The Occultation by Feronia

Mar 5, 2015

This was the brightest decent rank occultation in some time, but the northern limit was just south of Cabrillo Observatory. The odds of occultation was given as 35%; worth a go. For most of my occultation history, it's been the 10" Meade as the workhorse. But I have been seeing flakey electronics in the 10" Meade for the past few months, especially lately. It'll just stop responding to the hand paddle. And, it even did a declination walk-about on Tuesday, requiring a plug pull after conking on the photometer. The only recovery is a time-consuming 2-star re-alignment and then hoping it doesn't happen again. Also, it's been dewing up from the INside of the corrector plate, which is harder to remove with a dew gun, and impossible from the field. So, I'm hesitant to use it for going mobile, especially for long miles. On the other hand, the PC165DNR has plenty of range on the 80mm Orion ShortTube refractor finderscope on the 12" in the dome, and it's so very nice and comfy to be able to set up in the warm room, plug in a few wires, and get stars down to 12th magnitude on the camcorder. The compromise is the time resolution is only 1/3 second, but I can tune that. That'll be my next project, is to settle on a procedure for easily changing the integration time while not dismounting the videocamera.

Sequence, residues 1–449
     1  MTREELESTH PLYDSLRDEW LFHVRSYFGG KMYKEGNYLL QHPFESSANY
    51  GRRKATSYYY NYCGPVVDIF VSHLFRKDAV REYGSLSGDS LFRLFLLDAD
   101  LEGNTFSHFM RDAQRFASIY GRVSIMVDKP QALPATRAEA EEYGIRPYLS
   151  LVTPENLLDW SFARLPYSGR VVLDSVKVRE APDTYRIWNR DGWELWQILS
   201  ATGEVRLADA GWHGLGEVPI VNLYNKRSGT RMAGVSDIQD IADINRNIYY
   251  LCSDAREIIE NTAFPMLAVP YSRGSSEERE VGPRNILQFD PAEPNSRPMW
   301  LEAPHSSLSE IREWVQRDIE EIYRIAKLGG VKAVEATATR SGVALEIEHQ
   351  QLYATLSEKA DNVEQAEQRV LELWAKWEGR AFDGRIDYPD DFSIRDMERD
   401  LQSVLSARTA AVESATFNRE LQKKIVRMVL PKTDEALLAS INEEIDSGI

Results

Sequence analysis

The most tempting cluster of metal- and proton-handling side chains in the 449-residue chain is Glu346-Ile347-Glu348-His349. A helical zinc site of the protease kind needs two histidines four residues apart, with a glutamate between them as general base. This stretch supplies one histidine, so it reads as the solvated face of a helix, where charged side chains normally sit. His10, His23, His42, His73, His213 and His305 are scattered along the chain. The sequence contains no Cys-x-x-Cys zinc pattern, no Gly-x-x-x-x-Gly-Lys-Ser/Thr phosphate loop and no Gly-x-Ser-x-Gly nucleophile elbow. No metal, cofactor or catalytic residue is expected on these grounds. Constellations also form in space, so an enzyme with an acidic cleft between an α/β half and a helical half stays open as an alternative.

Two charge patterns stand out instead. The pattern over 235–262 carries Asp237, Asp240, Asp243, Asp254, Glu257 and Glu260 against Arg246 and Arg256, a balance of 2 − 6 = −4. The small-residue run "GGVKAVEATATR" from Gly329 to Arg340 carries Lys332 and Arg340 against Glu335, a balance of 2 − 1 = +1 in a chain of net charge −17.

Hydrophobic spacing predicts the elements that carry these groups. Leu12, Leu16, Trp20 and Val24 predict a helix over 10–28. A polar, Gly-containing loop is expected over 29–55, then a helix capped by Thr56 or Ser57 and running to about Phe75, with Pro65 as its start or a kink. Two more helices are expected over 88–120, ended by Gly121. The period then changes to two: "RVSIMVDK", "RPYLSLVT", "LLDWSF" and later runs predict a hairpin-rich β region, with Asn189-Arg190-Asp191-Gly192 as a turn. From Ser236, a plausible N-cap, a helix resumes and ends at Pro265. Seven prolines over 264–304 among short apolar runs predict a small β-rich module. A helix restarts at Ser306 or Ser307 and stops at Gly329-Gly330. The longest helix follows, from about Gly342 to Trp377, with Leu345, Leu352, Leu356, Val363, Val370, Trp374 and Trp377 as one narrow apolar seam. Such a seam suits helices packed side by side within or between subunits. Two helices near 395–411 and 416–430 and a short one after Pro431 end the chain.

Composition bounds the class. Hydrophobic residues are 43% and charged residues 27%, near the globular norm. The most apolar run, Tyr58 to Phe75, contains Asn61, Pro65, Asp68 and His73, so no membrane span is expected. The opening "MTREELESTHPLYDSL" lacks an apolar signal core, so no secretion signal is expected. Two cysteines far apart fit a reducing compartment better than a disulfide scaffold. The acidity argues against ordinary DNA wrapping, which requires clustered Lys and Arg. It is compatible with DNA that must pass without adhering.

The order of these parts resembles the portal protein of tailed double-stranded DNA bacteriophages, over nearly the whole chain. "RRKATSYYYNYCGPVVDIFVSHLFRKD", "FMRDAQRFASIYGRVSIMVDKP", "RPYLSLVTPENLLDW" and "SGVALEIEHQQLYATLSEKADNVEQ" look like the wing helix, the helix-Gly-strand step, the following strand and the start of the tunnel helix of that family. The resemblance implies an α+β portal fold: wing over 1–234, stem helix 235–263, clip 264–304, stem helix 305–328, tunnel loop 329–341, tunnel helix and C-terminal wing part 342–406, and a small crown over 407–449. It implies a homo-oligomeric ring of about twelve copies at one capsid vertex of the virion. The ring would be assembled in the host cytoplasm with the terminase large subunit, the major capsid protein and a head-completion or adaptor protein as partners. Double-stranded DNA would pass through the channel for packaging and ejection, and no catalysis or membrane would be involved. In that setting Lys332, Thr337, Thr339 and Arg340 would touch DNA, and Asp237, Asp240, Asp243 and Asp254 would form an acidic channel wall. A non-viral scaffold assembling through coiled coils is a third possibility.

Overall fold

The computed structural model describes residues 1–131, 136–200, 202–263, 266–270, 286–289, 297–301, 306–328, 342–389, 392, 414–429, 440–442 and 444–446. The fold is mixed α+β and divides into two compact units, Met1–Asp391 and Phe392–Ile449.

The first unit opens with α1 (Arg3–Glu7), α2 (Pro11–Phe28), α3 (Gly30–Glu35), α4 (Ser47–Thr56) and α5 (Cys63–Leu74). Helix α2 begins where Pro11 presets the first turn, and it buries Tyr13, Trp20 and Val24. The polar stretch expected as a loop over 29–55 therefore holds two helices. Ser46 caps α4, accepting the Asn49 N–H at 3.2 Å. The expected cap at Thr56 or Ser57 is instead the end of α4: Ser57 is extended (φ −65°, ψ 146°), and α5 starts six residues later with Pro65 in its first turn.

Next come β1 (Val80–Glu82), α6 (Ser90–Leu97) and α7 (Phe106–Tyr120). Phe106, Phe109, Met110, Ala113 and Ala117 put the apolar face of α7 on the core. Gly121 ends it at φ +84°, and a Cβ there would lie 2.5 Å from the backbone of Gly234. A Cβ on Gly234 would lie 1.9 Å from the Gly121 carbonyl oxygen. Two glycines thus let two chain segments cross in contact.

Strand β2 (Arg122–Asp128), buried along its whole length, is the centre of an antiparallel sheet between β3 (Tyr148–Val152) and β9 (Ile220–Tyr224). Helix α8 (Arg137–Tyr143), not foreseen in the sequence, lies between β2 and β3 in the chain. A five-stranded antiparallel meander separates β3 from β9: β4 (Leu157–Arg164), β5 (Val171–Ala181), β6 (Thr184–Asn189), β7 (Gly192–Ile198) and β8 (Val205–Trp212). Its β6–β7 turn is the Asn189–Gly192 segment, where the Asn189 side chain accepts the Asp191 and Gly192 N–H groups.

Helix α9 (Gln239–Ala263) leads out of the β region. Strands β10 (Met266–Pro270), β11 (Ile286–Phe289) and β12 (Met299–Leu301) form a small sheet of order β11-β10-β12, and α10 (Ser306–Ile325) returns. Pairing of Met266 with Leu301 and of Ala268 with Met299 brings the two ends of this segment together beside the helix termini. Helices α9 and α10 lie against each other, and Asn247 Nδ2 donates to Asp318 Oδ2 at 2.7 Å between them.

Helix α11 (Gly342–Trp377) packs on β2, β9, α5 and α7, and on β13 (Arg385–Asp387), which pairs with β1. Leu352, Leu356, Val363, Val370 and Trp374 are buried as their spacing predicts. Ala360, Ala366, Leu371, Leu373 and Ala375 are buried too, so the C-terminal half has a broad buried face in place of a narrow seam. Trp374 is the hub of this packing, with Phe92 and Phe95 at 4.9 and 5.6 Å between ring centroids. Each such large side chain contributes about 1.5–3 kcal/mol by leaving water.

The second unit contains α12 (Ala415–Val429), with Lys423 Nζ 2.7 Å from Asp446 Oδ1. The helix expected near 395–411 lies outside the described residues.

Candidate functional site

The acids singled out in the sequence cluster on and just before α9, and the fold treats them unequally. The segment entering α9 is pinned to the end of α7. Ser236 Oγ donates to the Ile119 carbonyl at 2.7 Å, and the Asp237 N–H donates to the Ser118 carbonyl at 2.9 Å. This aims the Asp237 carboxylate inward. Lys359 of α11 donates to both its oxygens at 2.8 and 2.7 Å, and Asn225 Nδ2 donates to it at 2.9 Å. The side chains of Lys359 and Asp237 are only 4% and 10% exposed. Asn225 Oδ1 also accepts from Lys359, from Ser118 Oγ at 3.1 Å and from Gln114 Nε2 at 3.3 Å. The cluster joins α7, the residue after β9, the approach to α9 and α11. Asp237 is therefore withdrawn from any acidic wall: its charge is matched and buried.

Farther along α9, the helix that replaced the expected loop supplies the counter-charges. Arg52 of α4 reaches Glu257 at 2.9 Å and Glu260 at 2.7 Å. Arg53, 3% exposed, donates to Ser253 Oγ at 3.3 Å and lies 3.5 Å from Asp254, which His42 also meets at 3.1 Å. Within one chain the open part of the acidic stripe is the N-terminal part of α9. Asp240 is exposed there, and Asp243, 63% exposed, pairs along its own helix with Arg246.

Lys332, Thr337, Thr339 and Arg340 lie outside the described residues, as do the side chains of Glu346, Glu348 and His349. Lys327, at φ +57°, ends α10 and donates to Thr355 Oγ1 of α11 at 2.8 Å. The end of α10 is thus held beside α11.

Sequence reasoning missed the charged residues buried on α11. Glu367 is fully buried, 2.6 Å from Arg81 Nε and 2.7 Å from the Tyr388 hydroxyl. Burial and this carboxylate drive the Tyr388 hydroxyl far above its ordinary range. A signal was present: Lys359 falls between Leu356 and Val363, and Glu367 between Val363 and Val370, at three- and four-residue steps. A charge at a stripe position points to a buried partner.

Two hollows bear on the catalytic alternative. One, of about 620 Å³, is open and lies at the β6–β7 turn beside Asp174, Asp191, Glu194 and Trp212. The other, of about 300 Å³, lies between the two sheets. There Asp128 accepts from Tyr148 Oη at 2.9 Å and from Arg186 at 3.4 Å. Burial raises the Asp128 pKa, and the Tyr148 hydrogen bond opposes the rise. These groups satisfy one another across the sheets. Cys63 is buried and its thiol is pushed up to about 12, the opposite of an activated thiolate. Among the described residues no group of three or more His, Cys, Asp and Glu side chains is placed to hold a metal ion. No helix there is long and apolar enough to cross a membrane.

The event was at 5:22AM on Thursday. I arrived at the observatory at 10:30pm and spent the next 2 hours making a new mount model for the G11 Losmandy mount. It's not perfect enough yet, given the smaller FOV now on the Orion scope (only ~2x the CCD frame). But it is good enough until I get more time to add more stars. I got in about 2 dozen stars before getting a few hours sleep.

I woke up 40 minutes before the event, and final connections and pointing went fine, and although the initial pointing wasn't perfect, I got on the target in plenty of time, and got a clean recording.... of a miss. 15 minutes or so before the event, I got a 22 second CCD image of the dim asteroid just above the bright 8.7 magnitude target star, at left.